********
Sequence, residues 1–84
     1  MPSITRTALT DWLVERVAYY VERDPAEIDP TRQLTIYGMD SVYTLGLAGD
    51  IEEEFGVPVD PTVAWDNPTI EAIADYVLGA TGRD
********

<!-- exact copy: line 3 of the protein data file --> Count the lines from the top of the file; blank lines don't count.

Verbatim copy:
    51  IEEEFGVPVD PTVAWDNPTI EAIADYVLGA TGRD